BA to return. So do our doubts

BA to return. So do our doubts

British Airways (BA) has announced, and the Allegheny County Airport Authority has confirmed, that the airline will resume its publicly subsidized nonstop flights between Pittsburgh International Airport (PIT) and London’s Heathrow Airport on June 3.

But the same questions we long have been posing about this flight remain valid today. As do our conclusions.

It was after a 20-year absence that British Airways resumed flights at PIT in 2019. In a two-year deal, the authority agreed to pay BA $1.5 million each year. The airline received the first installment but then halted the service in March 2020 because of the Covid-19 pandemic. That service suspension was characterized as “permanent” at the time by BA.

But the lifting of a travel ban between the United States and Europe appears to be the impetus for the flight’s resumption. It is expected to return under the original financial agreement, meaning, once service is resumed, it will be paid the second $1.5 million of the original $3 million agreement.

Why that public “juicer” was needed to lure British Airways back to PIT remains a good question. After all, BA predicted the four-day-a-week flights would be profitable. And all parties involved touted the return as no less than a financial be-all and end-all, producing tens of millions of dollars in economic benefits for Pittsburgh.

More on that in just a bit.

So, what was the utilization of this flight in the under a year that it did fly? Nobody’s really said.

And Christina Cassotis, CEO of the authority, says anew that “it’s important that this flight succeeds.”

Does that mean a new round of public subsidies beginning in June 2023 if it doesn’t?

And what of the effects of the seemingly never-ending Covid variants, one of which – Omicron — now is running through the U.K., if not the world?

Back to those multimillion-dollar “benefits” touted upon British Airways’ 2019 return and repeated still in news stories — $50 million in annual economic benefits, to be exact.

At the time of the original BA return announcement, the Allegheny Institute raised serious doubts about that claim (in Policy Briefs Vols. 19 & 18, No.’s 14 & 31, respectively):

“British Airways’ return to Pittsburgh has been hyped as a ‘win’ for PIT,”
a summary of one study began. “However, concerns about the poor track record of subsidies to carriers provided by the airport and the poor quality of the estimates of economic impact create very serious doubts on the advisability of subsidizing British Airways flights at PIT.”

That is, the economic benefits surely were overstated, as they are wont to be in such government-subsidized deals.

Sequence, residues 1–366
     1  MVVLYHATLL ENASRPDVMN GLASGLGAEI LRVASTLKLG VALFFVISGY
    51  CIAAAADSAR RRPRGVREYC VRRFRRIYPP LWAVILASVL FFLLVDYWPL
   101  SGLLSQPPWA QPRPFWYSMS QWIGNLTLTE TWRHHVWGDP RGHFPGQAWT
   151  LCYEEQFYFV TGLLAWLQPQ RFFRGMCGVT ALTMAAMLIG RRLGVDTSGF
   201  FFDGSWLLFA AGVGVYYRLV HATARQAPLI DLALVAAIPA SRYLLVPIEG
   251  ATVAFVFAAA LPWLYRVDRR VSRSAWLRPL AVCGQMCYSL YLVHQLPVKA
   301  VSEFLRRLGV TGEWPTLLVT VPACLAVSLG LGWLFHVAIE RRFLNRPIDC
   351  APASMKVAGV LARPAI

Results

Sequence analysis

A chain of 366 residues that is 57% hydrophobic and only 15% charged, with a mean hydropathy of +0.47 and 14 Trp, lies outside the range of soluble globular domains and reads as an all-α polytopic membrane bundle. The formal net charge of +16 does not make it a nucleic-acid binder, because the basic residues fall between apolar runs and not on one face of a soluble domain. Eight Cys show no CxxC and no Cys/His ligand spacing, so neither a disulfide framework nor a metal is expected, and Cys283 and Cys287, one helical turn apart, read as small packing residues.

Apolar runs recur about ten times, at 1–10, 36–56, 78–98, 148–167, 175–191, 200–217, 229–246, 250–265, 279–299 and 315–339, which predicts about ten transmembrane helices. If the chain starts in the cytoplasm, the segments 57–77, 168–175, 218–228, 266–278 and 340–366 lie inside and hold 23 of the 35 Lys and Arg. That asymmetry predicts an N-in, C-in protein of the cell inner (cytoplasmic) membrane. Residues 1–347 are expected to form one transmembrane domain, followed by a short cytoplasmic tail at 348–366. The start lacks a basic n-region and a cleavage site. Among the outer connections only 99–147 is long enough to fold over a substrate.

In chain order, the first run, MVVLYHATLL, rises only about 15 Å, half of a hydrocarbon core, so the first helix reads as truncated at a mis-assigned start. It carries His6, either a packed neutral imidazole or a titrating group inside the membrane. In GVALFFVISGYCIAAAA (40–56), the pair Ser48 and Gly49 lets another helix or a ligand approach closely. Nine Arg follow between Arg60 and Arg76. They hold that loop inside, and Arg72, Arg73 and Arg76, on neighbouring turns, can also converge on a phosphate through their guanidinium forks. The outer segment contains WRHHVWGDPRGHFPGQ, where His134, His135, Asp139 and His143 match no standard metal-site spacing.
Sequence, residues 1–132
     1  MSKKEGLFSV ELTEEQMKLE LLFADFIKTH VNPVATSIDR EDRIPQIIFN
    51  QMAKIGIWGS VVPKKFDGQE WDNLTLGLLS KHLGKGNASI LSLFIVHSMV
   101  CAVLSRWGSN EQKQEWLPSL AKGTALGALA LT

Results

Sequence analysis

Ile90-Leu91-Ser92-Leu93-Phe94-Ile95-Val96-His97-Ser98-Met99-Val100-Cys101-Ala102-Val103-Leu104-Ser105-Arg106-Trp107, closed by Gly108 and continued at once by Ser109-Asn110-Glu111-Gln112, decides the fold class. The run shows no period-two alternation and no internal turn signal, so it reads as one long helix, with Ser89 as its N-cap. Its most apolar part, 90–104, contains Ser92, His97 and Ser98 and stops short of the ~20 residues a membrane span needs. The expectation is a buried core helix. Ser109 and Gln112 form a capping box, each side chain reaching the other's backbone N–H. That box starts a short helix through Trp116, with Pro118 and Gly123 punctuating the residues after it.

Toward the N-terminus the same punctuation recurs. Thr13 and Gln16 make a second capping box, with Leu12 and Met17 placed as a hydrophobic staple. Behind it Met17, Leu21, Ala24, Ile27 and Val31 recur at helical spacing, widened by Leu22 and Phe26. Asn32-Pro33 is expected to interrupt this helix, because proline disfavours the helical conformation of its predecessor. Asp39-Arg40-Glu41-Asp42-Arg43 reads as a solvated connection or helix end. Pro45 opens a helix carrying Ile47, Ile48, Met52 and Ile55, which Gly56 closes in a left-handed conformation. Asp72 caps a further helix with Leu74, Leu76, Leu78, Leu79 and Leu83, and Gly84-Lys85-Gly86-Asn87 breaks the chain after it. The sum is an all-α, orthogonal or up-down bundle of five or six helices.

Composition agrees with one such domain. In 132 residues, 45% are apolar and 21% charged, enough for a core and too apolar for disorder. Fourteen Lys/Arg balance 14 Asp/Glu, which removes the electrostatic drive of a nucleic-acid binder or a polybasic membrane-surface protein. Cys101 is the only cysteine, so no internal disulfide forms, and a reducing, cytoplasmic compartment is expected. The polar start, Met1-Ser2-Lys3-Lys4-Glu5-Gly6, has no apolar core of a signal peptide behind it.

Additionally, one study concluded:

“For some reason, the so-called [travel] gurus apparently do not understand that air travel demand depends on the size of the population and its income in the collection area that are disposed to fly—especially overseas.

“In a region with little or no population growth and slow employment gains with those heavily concentrated in lower income jobs, overseas air travel demand is not likely to be growing rapidly, if at all.

“Artificially stimulating demand by subsidizing travel is a dreadful misuse of tax dollars since much of the benefit will go to people who would have traveled without the subsidized fares, as well as to the carrier. …

“Unless the British Airways flights to PIT are carrying a much higher percentage of passengers from outside the country than local passengers, the taxpayers are actually ponying up to send more tourist dollars out of the region than are coming in from abroad.

“And that is definitely the expectation of British Airways.  It forecasts approximately 70 percent of travelers on its Pittsburgh flight will be U.S. citizens, primarily from the Pittsburgh area. Thus, British Airways gets the fare revenue of the passengers that leave the country immediately and then they go to England or Europe to spend lots of money.

“Compare that to the planes flying from London to Miami, Orlando, Tampa, Las Vegas, New York and Phoenix for example. They are no doubt carrying a large percentage of foreign tourists to the U.S. rather than the other way around.”

Concluded another institute study:

“(T)he most probable effects of the subsidy will be to damage competitors while increasing the net outflow of resources from the region, it is hard to see any upside to handing over tax dollars to the airline.”

And nothing has changed that assessment, no matter how much PIT and other public officials cheerlead to the contrary — including the “I told you sos” of Christina Cassotis, and the “economic driver” promises of Allegheny County Chief Executive Rich Fitzgerald.

Colin McNickle is communications and marketing director at the Allegheny Institute for Public Policy (